Organisational Culture and Leadership
Resistance to Change
People don't resist change. They resist being changed!
Organisations are part of a constantly changing, continuous progressing complex business world. According to Nikolenko and Kleiner (1996), they are also subject to internal and external influences, e.g. global trends, strategy, environmental conditions, organisational culture and leadership etc. The most important of them are the development of the global market, increasing competition, ever faster changing economic and technological development and a diverse workforce.
In order to be able to compete, to advance and become successful in the global marketplace, organisations should respond to change in the face of environmental pressure (Lakomski, 2001). However, it is not enough to recognize the need for change but more important is to implement change successfully.
Nikolenko and Kleiner in their Global trends in organizational design (1996) state that in response to these factors, three new forms of organisation structure have emerged, which are expected to adequately meet the constant change of the world.
Some organisations have created a network, whose core has been formed by mergers, alliances and acquisitions of large firms’ groups (Castells, 2000 cited in Lemoine & Dagneas 2003). Lemoine and Dagneas (2003) write in their research that the net is still in a constant development. Many individual smaller firms or groups of firms join or leave the net; the legal arrangements develop interminable, and changes in the net are the normal occurrence, rather than the exception. Early 2000s, the head of the network of transport and logistics services providers was the corporation E.ON, which initiated its activities by the merger of two large corporations: Veba AG and Viag; the aim was to create a company that will stand a chance for development in the global marketplace.
This management report will identify a structure of a company, describe its culture and culture of the country, where the company is situated, show the nature of changes that took place at E.ON, name reasons for possible resistance for those particular changes.
According to its official Internet page (2008), E.ON AG, Düsseldorf, is the E.ON Group’s Corporate Centre (see Figure 1). E.ON operates along the entire value chain in power and gas. These operations are organised geographically or functionally in market units (MU) in line with the structure of its respective target markets. The main company of each MU takes responsibility for implementing and coordinating processes across its target market. All business units manage day-to-day operations. In addition to E.ON’s activities in Europe and recently in Russia, the company operates an electric and gas utility business and renewable-source generating assets in North America. E.ON pursues strategy of a development-oriented management to enhance chances for its competitiveness and advance profitable growth.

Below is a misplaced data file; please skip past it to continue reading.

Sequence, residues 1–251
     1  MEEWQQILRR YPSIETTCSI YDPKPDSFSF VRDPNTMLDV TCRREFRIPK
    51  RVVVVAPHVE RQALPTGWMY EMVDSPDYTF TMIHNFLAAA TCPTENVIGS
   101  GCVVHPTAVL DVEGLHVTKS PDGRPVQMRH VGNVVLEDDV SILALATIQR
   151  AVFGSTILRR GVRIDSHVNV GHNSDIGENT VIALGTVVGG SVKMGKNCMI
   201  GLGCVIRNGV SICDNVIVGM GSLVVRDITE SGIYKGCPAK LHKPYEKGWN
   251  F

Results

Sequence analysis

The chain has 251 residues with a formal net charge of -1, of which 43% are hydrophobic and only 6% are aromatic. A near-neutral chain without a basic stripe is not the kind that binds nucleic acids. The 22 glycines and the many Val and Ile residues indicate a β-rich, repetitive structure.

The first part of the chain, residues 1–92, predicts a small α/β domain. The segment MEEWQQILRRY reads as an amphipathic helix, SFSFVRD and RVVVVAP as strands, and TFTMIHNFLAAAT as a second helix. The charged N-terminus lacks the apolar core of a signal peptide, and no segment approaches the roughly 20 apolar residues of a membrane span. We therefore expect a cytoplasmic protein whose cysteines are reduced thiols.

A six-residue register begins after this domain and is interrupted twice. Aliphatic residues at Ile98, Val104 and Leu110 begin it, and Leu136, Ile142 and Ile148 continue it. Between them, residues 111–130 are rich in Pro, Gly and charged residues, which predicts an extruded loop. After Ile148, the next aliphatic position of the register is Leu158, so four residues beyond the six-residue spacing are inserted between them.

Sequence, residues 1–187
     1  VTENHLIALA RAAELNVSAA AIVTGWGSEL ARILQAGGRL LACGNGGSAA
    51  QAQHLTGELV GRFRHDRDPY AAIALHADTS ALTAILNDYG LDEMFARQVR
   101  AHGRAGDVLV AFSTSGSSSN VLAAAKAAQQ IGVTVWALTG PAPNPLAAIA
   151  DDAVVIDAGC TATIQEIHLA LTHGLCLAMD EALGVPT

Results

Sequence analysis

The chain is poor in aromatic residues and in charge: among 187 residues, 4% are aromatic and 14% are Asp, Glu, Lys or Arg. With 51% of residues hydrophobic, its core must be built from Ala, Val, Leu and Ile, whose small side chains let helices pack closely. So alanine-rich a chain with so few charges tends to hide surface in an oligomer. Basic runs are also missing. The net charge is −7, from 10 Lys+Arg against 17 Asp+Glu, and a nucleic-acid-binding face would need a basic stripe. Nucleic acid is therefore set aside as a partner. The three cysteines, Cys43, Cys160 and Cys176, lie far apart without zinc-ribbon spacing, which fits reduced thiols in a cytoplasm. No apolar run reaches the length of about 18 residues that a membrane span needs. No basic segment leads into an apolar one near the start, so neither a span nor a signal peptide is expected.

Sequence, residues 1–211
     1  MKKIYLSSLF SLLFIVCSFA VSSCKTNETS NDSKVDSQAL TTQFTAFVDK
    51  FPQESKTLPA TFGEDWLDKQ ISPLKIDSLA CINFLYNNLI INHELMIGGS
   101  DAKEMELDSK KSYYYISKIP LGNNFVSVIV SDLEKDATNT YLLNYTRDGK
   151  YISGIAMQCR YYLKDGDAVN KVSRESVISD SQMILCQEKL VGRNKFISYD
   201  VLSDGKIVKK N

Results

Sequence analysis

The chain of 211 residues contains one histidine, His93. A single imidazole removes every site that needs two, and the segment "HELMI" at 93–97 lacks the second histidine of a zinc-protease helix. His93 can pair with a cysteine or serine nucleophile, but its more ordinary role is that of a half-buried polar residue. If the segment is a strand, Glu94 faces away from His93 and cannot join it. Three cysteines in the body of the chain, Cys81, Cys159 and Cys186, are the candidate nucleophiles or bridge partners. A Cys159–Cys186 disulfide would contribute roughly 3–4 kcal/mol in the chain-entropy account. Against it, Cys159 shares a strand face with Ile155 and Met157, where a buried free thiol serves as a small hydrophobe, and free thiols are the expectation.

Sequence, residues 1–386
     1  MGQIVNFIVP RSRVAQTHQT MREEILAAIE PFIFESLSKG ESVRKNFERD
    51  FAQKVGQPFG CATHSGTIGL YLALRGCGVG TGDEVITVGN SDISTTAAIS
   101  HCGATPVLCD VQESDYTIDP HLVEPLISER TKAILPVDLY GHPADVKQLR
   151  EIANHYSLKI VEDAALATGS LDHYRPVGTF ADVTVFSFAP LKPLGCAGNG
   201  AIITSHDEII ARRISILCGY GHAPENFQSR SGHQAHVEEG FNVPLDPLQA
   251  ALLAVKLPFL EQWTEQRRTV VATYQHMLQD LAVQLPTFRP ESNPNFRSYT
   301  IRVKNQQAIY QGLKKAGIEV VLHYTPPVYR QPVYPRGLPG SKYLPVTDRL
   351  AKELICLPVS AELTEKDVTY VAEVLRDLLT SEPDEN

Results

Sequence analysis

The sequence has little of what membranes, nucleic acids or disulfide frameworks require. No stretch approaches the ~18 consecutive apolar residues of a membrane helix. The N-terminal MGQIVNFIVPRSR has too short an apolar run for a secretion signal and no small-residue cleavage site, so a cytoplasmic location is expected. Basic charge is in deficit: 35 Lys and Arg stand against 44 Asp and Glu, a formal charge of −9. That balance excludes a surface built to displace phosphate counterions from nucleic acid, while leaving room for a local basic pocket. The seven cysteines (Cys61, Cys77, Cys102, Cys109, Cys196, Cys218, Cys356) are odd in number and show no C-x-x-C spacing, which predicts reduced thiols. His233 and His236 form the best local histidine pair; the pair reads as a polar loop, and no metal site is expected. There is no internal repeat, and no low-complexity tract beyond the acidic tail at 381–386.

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Figure 1 Group Structure. Source: http://www.eon.com/en/unternehmen/2097.jsp
Nikolenko and Kleiner (1996) point out, that there is a linkage between organisational structure and strategy, whereby both elements are linked to the external environment. Strategy can be considered as a direct function of the environment; organisational structure is in contrast a function of strategy, so there is indirect connection between structure and environment. If the environment is stable, e.g. the amount of changes is relatively low, organisations are subject to bureaucracy and a strict hierarchy. In dynamic environment, companies are characterised by openness, responsiveness and lack of hierarchy.
Globalisation and changes in technology has made the external environment more complex and less predictable (Nikolenko and Kleiner, 1996). Many multinational companies started to modify their structures to respond those changes and in order to meet the demands of the markets they operate in. E.ON developed Market Units (Figure 1), which are so-called “global headquarters” per subsidiaryin different countries. Its cross-functional teams (horizontal differentiation) depend not on strong managerial control from the Corporate Centre but on customers’ demands and the final result within a MU.